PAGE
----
Specifically, what we’ve done in the American church in the 21st century (and before) is to take the ways God did things in previous eras and institutionalize them, so that we keep doing things in those ways even when God may want us to do things another way, even when the reasons for doing things in those ways are no longer the case. As an example … Peabody, turn the Wayback Machine to 1970, give or take a year.
I was born in 1969, so I didn’t get to witness the “Jesus Movement” firsthand, but I’ve read about it, heard friends who were there talk about it, listened to the music that was the most public product of it. It was the last broad-based revival the United States has experienced to this date, and combined with another movement (the Charismatic Renewal in many of the established denominations), it really shook up the American religious landscape. A lot of people from outside the usual church culture came in – most notably the “Jesus people,” converted hippies who brought their musical and dress styles into their relationships with Christ – and a lot of people already in the church grew in ways they had never expected. It must have been a lot of fun while it lasted.
But, as A.W. Tozer once reportedly said, “man is made of dust, and the tendency of dust is to settle.” Pretty soon, the “new ways of doing things” became the “way we do things,” and that was that. Some examples:
- Rock music, originally used as a way to connect with the counter-culture and present the gospel in a way they could understand, became the modern “worship band,” even as the world outside moved on to new forms of music such as rap.
- Theater-style seating focused on a raised stage (also similar to a rock concert) replaced the pulpit and pews as the norm for congregational architecture, and stayed that way even as the rock scene began to explore “house shows”, dance parties and other new ways of presenting their views. (And even as the weaknesses in a theater-style setup in the context of religion – an inability to interact with one’s peers, a further separation between paid ministers and the rest of the body, the glorification of those on the stage vis-à-vis those who aren’t – became increasingly apparent.)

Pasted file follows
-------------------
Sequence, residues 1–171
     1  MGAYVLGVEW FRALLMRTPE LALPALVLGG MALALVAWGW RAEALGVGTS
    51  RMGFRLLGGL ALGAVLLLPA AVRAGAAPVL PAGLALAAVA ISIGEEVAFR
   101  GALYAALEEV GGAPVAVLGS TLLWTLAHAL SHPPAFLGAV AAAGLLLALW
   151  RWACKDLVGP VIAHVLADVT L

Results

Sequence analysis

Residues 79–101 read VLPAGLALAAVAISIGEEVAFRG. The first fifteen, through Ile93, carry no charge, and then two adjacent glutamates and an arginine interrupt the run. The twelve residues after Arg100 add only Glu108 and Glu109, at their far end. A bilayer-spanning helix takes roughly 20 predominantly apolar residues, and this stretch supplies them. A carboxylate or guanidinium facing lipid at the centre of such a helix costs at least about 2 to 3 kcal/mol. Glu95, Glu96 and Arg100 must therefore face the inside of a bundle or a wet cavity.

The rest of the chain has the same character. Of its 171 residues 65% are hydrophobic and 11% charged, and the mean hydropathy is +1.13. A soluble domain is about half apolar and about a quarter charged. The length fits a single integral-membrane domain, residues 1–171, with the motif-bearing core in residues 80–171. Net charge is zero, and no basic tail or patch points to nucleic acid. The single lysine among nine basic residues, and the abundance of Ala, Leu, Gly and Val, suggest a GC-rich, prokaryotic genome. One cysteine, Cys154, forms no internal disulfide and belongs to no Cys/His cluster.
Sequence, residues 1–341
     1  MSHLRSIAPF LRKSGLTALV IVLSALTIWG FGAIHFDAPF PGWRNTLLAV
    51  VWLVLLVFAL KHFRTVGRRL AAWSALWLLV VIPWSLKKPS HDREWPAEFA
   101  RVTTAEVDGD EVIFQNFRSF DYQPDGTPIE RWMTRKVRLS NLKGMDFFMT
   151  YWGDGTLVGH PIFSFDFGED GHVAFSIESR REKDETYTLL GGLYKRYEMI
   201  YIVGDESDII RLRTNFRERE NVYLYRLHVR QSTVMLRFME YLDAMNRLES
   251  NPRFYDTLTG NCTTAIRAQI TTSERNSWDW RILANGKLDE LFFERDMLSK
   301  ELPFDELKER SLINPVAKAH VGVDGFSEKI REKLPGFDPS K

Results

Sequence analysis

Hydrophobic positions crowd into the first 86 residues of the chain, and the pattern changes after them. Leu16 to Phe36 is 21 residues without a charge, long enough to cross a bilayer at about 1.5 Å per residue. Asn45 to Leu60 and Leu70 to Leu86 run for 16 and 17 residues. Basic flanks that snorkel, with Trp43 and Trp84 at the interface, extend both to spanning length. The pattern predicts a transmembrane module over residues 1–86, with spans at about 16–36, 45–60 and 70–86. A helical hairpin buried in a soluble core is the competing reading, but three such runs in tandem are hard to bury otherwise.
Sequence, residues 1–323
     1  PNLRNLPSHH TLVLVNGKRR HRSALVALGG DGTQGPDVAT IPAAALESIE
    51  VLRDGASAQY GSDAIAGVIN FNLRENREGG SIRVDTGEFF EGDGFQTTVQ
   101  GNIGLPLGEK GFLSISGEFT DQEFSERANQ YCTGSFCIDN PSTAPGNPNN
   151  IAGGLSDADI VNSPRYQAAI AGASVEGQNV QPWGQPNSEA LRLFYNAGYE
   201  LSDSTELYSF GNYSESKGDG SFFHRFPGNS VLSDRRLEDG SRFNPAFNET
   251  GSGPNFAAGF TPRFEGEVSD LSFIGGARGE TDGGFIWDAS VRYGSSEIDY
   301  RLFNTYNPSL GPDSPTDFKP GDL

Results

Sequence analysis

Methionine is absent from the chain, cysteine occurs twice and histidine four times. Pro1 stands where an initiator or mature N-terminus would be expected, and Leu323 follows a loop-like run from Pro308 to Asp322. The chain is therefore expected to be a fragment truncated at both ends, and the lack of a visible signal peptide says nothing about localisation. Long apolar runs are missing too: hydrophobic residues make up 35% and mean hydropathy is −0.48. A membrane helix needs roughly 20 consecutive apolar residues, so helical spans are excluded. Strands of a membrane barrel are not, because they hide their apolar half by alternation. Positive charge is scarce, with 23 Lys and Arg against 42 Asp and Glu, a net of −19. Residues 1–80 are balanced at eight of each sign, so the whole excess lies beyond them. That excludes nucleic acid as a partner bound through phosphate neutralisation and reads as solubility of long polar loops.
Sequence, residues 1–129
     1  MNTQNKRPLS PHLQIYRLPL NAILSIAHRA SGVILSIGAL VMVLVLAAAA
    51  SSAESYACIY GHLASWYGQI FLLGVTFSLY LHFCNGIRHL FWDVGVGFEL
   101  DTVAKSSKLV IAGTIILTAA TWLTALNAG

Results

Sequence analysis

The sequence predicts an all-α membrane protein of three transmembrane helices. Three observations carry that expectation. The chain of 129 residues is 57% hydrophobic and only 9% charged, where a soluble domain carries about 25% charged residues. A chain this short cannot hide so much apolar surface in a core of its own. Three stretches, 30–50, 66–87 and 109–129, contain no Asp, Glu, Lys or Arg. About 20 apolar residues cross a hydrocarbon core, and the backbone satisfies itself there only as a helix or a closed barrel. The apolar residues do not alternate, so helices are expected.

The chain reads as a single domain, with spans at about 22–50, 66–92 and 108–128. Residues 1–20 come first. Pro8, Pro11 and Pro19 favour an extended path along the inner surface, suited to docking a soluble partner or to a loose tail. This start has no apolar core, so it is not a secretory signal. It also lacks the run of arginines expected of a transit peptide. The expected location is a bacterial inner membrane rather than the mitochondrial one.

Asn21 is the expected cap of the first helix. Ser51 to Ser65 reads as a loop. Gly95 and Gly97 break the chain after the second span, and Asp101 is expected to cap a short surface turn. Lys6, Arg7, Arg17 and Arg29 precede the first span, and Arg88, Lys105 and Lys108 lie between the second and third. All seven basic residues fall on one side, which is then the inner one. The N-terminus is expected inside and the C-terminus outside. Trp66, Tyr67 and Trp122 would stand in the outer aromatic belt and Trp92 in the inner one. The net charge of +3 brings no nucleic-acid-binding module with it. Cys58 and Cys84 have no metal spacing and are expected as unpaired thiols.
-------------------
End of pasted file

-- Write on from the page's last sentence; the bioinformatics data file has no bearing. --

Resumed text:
- “Evangelism Explosion” and the “Four Spiritual Laws” (the latter was actually created in 1952, but gained widespread popularity in the Sixties) became the templates for further developments in systematic evangelism, even as people outside the church sought a paradigm based more on relationships than processes.
- Even many of the independent, forward-thinking congregations that were at the forefront of the Jesus Movement, such as Calvary Chapel and the Vineyard, are now denominations, as cookie-cutter in many ways as the denominations they rebelled against a generation before.
Along with methods carried over from previous era (such as the centrality of the sermon as an impetus for the congregation’s spiritual growth), these ways that God once used to reach the world have been set in concrete by His people, who are now actually resistant to those who suggest things be done any other way.